(Nasty Canasta would be the burlesque scene’s leading example of dollar store decadence.)
A former colleague from the porn business said I should read The Women who Run with the Wolves, and 2022 Eurovision contestant Konstrakta’s new release Evo, obećavam! reminds me of the psychological suffering Estés lays out in her introduction as emblematic of separation from full access to our archetypal facets. My co-writer on a large text project reminded me of Sexual Personae. I’m a few percent into reading both. In the meantime, though, I went to the source that neither Estés or Paglia could have called at the times their books were written—the performers who began and perpetuated the neoburlesque form of stage work, which Jo Weldon, Headmistress of The New York School of Burlesque dates as beginning in the mid-1990s—for some definitions.
Miss Frankie Eleanor, Miss Coney Island 2022, says the definition of showgirl is “A mirror of what is and what could be,” qualifying that this depends on the beholder. To Sydni Devereaux, “a showgirl is power—a performer that pours their unique sexual power into the framework of a stage, a song, a costume and movement. A showgirl conjures up their unique flavor of power for the audience to drink from, like a fine liquor.” Fancy Feast thinks “of a showgirl as being a living archetype, the embodiment of our culture’s most performed, exaggerated, and ornate aspects of femininity.”
Veronica Viper considers herself a showgirl “because I’m literally a girl who makes her bag by doing shows”—including sexual performances—but fancies herself “more of the vaudevillian 42nd Street kinda gal” as opposed to the “Vegas, Ziegfeld, feathers and head pieces a mile high, legs longer than Harlem” type. I can say that I’ve seen Viper’s custom content and it very much is a whole show. Headmistress Jo’s definition is “a person whose visual embodiment is a work of art.” Miss Rose Wood nodded to the feminine implications of the word the way it “would bias one’s expectations f this artist as having a feminine slant on these skills—more dancer than martial artist, more glamorous than rugged, and probably a sexualized attire [and] presentation rather than utilitarian. Her best attributes are her wit and charm, and a constant awareness of her body and talents as a commodity.”
Speaking of commodities, Diety Delgado sent me a perfect peak carny chic press release for her body cream: “Once upon a time, there was a showgirl named Deity Delgado. She knew that what makes a showgirl, a showgirl is not just her beauty and grace, but also her strength and endurance. After long nights of performing on stage, Deity Delgado used I, Delgado Skincare’s magnesium chloride body cream to soothe her tired muscles. Magnesium chloride is known to help with muscle recovery and relaxation. It can also help reduce inflammation and pain in the muscles. With Delgado Skincare’s magnesium chloride body cream, Deity Delgado was able to keep performing with energy and grace night after night.” According to the NIH, magnesium chloride is used to reduce symptoms of multiple conditions. Here, Diety showed—as opposed to told—the art of the hustle, while referencing the ways in which showgirls must keep their bodies in top condition.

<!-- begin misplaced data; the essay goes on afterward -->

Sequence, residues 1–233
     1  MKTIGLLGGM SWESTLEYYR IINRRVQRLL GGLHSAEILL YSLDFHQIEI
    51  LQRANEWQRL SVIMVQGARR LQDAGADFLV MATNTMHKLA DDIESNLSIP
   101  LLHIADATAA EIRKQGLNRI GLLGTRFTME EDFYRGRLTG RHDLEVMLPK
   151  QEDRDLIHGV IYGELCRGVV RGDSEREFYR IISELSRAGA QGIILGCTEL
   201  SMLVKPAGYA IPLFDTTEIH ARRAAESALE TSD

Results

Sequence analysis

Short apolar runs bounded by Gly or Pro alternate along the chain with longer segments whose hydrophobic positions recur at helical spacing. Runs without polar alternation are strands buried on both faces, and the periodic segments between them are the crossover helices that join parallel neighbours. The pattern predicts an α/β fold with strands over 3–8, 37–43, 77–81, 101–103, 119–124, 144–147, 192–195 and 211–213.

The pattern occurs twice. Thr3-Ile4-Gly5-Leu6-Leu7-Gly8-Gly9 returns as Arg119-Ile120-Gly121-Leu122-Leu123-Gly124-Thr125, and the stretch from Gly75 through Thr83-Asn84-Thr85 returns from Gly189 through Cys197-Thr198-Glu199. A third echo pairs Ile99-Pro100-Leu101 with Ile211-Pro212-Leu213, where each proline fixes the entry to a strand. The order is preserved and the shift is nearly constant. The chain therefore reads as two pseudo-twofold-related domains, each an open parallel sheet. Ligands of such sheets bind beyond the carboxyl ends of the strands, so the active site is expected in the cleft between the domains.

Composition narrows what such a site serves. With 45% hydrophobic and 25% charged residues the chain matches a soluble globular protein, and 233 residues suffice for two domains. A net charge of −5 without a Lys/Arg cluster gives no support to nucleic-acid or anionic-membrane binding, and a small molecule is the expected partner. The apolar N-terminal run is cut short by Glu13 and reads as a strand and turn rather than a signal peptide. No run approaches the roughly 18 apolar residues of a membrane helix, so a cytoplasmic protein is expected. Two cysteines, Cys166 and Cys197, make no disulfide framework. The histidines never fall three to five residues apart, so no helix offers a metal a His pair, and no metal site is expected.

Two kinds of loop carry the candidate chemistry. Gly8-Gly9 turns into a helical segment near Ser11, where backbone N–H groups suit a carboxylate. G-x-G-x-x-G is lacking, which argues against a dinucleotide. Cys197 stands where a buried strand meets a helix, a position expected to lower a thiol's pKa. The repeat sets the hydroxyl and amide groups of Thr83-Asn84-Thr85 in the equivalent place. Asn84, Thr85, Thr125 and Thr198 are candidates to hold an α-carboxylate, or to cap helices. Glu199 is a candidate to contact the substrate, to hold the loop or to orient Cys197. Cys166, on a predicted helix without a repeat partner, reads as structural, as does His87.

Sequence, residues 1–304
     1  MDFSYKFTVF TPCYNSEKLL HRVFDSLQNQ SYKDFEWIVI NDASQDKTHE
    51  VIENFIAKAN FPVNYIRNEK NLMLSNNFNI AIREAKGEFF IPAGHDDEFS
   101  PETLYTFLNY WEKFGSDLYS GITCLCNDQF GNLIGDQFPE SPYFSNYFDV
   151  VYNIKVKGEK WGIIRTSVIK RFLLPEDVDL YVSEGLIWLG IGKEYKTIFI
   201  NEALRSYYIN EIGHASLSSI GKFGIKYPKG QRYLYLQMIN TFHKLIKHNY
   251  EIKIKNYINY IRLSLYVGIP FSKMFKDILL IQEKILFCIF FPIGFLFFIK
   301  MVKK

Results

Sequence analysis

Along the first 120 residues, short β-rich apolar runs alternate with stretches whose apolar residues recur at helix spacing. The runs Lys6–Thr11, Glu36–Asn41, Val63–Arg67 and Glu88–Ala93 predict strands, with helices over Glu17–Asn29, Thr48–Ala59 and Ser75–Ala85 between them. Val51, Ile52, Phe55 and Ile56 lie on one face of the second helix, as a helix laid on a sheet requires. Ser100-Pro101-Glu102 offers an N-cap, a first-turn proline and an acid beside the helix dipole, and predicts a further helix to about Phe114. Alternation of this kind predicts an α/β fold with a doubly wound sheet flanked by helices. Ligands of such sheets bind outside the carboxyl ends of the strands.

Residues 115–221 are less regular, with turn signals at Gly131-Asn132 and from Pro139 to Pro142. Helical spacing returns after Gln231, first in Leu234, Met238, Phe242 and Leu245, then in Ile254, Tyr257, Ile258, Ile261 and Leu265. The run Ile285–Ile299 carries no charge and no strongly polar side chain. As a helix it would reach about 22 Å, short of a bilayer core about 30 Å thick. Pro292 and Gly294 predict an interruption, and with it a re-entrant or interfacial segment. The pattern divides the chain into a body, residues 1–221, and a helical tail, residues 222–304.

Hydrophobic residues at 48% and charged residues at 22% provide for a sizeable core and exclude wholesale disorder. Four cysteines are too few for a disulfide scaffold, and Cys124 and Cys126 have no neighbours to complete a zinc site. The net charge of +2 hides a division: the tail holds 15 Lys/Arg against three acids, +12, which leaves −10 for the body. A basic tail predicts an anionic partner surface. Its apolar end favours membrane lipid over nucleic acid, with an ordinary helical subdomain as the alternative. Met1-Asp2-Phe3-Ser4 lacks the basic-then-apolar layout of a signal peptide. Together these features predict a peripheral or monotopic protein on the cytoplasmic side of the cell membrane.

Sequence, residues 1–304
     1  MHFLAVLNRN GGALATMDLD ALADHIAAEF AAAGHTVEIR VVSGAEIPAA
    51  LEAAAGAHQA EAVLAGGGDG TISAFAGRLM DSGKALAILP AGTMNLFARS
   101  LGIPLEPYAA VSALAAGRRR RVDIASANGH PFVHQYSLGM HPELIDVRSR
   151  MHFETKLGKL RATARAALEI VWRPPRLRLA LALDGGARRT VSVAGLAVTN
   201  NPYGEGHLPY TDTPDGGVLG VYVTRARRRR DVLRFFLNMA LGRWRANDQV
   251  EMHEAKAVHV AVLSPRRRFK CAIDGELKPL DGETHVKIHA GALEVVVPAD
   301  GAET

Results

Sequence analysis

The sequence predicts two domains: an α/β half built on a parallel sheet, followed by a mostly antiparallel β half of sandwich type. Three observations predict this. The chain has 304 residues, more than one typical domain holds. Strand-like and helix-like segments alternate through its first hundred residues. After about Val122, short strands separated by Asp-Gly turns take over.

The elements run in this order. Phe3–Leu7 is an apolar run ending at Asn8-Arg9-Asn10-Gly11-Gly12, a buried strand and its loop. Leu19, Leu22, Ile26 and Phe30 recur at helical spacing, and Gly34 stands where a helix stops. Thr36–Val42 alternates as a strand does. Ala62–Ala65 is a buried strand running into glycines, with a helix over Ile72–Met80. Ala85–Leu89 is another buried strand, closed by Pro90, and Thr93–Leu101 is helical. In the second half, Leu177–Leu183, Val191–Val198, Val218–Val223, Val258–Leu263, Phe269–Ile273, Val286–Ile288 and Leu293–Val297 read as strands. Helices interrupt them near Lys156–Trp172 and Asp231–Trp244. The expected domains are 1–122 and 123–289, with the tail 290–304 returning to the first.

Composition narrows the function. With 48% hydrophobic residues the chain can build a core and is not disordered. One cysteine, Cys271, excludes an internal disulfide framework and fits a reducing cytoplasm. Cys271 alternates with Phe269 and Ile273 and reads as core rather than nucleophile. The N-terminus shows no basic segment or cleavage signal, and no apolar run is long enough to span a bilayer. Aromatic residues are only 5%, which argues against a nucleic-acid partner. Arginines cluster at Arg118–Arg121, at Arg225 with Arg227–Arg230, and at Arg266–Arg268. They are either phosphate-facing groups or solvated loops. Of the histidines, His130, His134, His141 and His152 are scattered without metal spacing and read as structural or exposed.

To me, the Showgirl is the Manic Pixie Dream Girl in maturity—as an adult.
In the end, a little bit of glamour can be true self-care, and can bring joy to others. The Showgirl is a door to the kind of magic that makes the world just a smidge less insufferable, a bit more bearable, and, in the hands of the best inhabiters of this archetype, allows us to glimpse reality in the rare light reflecting off the facets of a plate of rhinestones. None of us can live in this cocoon full time, but we all carry to capacity to create a little wonder and surprise in our lives. To use our power to shape the stories we tell about our bodies—whether we’re talking to the world or to ourselves. To alleviate our own emotional distress, to the extent of our abilities. To be in our own bodies, to be as we want to be in the world, when and where we can. Sometimes it takes a spark from outside ourselves to get there. Sometimes we’re what sets someone else alight. Whether that spark comes from a person who looks like us, or thinks like us, or simply thrills us is a matter of fate. But when it comes to owning our sexual expression, seeing people who look like us seems to go a long way.